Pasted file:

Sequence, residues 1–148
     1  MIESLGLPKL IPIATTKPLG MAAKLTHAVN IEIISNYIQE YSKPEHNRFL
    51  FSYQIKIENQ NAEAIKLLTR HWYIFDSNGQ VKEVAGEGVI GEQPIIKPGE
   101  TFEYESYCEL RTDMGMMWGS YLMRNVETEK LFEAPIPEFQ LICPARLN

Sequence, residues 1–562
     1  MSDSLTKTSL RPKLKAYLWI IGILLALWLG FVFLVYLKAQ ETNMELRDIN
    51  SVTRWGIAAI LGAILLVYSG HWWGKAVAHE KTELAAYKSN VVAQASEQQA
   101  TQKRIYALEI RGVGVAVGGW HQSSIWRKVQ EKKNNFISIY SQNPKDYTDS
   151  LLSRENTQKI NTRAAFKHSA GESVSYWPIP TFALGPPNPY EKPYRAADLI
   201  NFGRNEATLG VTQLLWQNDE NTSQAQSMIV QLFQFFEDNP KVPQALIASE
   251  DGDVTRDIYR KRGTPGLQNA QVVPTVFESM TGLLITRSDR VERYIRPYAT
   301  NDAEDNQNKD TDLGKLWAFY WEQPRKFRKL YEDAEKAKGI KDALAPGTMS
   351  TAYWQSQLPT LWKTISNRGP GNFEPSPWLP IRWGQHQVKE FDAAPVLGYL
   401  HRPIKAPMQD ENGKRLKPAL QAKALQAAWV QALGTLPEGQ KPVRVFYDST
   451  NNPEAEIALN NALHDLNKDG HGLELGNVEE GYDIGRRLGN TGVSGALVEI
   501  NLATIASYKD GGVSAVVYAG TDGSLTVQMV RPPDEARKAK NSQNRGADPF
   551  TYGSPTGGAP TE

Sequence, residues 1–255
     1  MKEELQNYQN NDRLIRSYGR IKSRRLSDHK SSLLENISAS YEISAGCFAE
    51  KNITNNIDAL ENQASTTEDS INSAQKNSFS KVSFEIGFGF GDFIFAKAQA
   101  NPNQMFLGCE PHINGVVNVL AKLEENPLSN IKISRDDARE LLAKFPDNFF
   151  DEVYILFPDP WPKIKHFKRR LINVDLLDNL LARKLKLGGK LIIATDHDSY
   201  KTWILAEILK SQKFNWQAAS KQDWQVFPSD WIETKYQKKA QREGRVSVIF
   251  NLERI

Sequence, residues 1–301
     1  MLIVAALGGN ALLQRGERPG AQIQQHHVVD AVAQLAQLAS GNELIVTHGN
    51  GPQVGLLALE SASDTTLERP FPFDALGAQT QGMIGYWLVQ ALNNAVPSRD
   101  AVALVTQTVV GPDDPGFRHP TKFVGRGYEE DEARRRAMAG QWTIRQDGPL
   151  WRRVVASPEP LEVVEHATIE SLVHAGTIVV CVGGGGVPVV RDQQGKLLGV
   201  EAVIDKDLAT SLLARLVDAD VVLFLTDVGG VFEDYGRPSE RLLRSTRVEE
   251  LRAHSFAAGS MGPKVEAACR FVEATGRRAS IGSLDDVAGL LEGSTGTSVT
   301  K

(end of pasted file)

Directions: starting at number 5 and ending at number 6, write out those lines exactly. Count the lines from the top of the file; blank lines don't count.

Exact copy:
Sequence, residues 1–562
     1  MSDSLTKTSL RPKLKAYLWI IGILLALWLG FVFLVYLKAQ ETNMELRDIN